1. Introduction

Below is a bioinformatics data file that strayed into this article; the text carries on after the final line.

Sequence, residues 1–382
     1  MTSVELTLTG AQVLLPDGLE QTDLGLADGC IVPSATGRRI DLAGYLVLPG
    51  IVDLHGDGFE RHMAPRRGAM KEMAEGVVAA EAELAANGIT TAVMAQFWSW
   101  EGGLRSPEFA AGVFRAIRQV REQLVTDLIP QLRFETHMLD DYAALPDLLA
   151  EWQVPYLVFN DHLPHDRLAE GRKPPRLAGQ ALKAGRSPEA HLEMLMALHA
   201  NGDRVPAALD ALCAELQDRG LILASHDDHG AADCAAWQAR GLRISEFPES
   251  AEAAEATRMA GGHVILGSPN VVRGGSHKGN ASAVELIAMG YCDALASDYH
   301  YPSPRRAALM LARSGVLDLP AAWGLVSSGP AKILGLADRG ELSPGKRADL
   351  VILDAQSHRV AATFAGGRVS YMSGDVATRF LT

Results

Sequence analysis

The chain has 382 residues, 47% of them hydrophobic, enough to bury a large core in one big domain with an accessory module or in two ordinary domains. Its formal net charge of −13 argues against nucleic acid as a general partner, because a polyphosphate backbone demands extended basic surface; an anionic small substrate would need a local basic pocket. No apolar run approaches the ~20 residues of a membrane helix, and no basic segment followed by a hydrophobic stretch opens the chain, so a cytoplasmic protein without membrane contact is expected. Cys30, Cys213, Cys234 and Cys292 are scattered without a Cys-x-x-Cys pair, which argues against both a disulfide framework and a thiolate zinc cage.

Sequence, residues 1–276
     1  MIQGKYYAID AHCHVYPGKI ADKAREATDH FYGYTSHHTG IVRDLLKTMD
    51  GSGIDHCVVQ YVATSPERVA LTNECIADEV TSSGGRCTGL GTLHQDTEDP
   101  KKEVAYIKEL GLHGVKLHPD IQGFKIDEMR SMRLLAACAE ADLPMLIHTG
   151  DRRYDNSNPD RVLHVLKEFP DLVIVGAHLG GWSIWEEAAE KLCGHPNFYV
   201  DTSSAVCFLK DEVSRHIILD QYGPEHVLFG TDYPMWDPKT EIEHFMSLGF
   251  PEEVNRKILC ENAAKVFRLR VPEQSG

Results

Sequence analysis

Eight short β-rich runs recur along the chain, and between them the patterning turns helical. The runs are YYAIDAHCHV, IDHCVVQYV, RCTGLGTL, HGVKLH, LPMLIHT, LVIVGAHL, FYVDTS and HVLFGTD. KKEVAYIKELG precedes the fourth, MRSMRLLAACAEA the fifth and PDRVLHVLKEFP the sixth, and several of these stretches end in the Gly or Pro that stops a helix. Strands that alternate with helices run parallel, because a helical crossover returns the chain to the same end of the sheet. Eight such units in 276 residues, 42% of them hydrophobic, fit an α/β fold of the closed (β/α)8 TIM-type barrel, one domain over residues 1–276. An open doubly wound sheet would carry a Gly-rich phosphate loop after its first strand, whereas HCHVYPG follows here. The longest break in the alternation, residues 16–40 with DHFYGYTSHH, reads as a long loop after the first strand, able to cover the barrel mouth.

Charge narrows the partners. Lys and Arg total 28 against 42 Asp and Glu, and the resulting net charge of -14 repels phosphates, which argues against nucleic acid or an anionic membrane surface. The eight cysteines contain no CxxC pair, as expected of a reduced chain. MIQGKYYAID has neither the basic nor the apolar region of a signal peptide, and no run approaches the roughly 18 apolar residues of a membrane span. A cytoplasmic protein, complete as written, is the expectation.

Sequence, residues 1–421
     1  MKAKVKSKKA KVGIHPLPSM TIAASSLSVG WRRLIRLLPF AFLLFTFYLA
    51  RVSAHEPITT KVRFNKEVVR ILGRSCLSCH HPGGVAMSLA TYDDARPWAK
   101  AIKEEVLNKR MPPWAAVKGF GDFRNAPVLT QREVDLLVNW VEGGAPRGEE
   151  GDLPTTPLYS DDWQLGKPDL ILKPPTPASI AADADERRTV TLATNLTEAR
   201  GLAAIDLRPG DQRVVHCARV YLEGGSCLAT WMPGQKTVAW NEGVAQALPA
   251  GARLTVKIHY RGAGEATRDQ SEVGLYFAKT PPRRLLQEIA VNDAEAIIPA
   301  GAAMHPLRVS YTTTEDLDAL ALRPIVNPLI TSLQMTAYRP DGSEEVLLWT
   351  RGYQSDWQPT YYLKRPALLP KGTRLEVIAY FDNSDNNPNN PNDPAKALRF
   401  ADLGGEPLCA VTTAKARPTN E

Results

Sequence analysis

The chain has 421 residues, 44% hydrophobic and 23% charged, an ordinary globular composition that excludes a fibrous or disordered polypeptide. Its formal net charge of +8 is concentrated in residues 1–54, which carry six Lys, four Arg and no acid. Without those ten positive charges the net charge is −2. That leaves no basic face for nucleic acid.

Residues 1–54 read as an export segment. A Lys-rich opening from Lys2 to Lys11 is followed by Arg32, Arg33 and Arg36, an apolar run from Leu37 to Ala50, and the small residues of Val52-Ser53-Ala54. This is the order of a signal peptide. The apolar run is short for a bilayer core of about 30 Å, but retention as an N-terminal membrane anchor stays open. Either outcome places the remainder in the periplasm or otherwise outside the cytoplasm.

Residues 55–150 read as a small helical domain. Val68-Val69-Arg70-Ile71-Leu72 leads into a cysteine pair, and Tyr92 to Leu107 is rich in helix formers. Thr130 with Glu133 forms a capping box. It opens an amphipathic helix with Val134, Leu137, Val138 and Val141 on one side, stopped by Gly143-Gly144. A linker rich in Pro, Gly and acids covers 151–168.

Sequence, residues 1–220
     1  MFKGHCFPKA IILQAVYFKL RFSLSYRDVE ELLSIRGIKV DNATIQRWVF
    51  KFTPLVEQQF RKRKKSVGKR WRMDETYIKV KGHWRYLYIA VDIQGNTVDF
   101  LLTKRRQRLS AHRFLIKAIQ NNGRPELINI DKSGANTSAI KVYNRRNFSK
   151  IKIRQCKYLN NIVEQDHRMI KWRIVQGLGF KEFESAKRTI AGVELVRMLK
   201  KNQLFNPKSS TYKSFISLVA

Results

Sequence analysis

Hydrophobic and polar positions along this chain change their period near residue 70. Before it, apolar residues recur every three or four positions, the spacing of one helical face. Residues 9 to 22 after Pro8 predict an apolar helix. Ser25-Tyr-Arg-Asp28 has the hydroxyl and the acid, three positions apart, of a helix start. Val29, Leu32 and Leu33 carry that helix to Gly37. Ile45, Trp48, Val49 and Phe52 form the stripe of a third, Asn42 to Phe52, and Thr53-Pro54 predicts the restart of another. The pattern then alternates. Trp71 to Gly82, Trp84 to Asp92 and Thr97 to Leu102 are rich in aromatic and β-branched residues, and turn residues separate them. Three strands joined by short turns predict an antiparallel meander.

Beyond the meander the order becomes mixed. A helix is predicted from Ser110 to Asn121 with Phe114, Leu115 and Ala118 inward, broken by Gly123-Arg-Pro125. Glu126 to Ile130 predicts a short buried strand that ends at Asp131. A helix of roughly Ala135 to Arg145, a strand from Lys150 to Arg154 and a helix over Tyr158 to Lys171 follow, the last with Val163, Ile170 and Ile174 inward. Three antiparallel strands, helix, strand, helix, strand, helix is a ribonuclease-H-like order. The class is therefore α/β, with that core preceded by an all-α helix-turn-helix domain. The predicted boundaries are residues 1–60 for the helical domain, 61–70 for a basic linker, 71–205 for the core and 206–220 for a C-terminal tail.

The majority of clinical drugs achieve their effect by binding to a cavity and regulating the cavity, of its protein targets [1]. In general, drugs act on four main types of regulatory proteins that mediate the actions of hormones, neurotransmitters, and autacoids. These four types of regulatory proteins are carriers, proteins, ion channels, and receptors [2]. Certain characteristics are expected for therapeutic targets [3]. A potential target needs only not to be druggable but also linked to disease, most preferably playing critical and inimitable roles in disease state. Binding sites are to have certain structural and physiochemical properties to accommodate high-affinity site-specific binding and subsequent regulation of protein activity by drugs. They are not significantly involved in other important biological processes to avoid potential side effects. Useful information about these targets may be investigated by analysing their sequence properties, protein families, structural folds, biochemical classes, similarity proteins, gene location in the human genome, and associated pathways [4]. This information can be potentially useful in derivation of rule and developing predictive tools in the search for druggable and potential targets [4].